While studying about Forward Backward Algorithm, I came across the question below. I was unable to solve the question after trying for a lot of time.

Consider a two-bit register. The register has four possible states: 00, 01, 10 and 11. Initially, at time 0, the contents of the register is chosen at random to be one of these four states, each with equal probability. At each time step, beginning at time 1, the register is randomly manipulated as follows: with probability 0.5, the register is left unchanged; with probability 0.25, the two bits of the register are exchanged (e.g., 01 becomes 10); and with probability 0.25, the right bit is flipped (e.g., 01 becomes 00). After the register has been manipulated in this fashion, the left bit is observed. Suppose that on the first three time steps, we observe 0, 0, 1.

Q) Using the forward-backward algorithm to determine the probability of being in each state at time k given all three observed bits, for k=0,1,2,3.

  • $\begingroup$ What type of model are you considering? Is it a Markov chain? $\endgroup$ Commented Apr 12, 2017 at 15:10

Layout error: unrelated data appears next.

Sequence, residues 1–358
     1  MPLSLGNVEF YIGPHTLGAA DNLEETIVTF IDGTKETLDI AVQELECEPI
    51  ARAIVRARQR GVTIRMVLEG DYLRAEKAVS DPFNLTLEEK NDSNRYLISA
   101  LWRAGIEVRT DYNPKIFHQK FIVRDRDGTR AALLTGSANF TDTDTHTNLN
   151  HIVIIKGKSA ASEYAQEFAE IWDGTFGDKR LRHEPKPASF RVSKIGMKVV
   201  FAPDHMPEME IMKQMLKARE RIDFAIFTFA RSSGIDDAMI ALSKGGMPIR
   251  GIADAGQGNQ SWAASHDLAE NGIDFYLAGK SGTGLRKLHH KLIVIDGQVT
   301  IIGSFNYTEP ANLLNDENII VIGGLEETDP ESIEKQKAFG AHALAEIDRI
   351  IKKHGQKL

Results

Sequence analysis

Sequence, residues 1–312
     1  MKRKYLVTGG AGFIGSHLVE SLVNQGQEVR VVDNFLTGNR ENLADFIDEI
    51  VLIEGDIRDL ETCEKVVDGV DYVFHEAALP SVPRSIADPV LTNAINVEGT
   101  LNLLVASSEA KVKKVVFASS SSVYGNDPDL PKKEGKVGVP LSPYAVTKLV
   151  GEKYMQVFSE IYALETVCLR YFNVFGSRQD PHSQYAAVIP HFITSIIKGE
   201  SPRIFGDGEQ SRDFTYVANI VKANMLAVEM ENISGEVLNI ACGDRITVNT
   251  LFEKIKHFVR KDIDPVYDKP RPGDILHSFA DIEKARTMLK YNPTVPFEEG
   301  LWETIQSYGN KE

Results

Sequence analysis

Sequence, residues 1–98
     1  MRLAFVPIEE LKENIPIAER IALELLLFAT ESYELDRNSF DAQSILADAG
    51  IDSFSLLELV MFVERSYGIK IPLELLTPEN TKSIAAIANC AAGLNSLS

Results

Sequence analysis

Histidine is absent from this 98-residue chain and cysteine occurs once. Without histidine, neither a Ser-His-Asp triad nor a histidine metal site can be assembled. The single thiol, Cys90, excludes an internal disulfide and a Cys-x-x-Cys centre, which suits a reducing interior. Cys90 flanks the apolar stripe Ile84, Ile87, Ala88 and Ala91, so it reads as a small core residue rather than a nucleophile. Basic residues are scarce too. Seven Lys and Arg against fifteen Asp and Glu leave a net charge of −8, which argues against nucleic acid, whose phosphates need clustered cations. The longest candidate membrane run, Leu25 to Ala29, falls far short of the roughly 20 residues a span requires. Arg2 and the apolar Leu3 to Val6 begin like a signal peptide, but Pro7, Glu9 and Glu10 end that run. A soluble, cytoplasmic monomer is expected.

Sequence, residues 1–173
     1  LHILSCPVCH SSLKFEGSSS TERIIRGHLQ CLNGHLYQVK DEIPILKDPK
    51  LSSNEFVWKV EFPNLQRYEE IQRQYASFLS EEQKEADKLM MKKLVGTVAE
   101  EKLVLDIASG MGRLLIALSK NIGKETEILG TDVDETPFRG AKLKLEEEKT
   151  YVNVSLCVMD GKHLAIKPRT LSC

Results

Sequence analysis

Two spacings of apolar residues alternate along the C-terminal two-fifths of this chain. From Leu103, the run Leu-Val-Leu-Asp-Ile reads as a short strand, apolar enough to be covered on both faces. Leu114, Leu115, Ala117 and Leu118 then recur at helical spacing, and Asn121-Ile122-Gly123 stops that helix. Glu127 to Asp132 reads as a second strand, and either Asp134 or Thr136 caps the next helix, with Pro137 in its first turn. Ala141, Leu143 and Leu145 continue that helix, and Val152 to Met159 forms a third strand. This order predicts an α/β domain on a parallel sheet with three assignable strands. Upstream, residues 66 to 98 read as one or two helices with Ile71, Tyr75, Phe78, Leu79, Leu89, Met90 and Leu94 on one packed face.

• $\begingroup$ It's a Hidden Markov Model. $\endgroup$ Commented Apr 12, 2017 at 15:11
  • $\begingroup$ This is homework... $\endgroup$
    – SmallChess
    Commented Apr 12, 2017 at 16:00
  • $\begingroup$ hint: $\left[ \begin{array}{cccc} 1 & 0 & 0 & 0\\ .25 & .5 & .25 & 0\\ 0 & .25 & .5 & .25 \\ 0 & 0 & .25 & .75 \end{array}\right]$ is the transition matrix if you use the order of your states in your questions, $g(O_t=0|X_t=(0,0)) = (O_t=0|X_t=(0,1))=1$ and $g(O_t=1|X_t=(1,0)) = (O_t=1|X_t=(1,1))=1$ are the observation distributions $\endgroup$
    – Taylor
    Commented Apr 12, 2017 at 16:03

1 Answer 1


Assume that we have computed the forward and backward probabilities $\alpha(z_t)$ and $\beta(z_t)$ for each of the $K$ hidden states $z_t$ at time $t$. Then the probability of the state $x_t$ at time $t$ is

$$p(x_t|D)=\sum_{z_t=1}^K p(x_t|z_t)p(z_t|D)$$

where $D$ are the observed data. From equations 13.32 and 13.33 in Bishop (2006) we see that

$$ p(z_t|D)=\frac{p(D|z_t)p(z_t)}{p(D)}=\frac{\alpha(z_t) \beta(z_t)}{\sum_{z_t=1}^K \alpha(z_t) \beta(z_t)}$$

Literature: Bishop, C. M. (2006). Pattern recognition and Machine Learning. Springer, NY.


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